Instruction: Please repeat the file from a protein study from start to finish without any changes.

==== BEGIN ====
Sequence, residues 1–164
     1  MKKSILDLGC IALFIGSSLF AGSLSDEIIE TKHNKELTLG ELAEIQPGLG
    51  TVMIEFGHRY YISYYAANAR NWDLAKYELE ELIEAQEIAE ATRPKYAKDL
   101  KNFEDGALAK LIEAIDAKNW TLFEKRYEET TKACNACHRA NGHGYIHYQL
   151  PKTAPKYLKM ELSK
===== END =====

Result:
Sequence, residues 1–164
     1  MKKSILDLGC IALFIGSSLF AGSLSDEIIE TKHNKELTLG ELAEIQPGLG
    51  TVMIEFGHRY YISYYAANAR NWDLAKYELE ELIEAQEIAE ATRPKYAKDL
   101  KNFEDGALAK LIEAIDAKNW TLFEKRYEET TKACNACHRA NGHGYIHYQL
   151  PKTAPKYLKM ELSK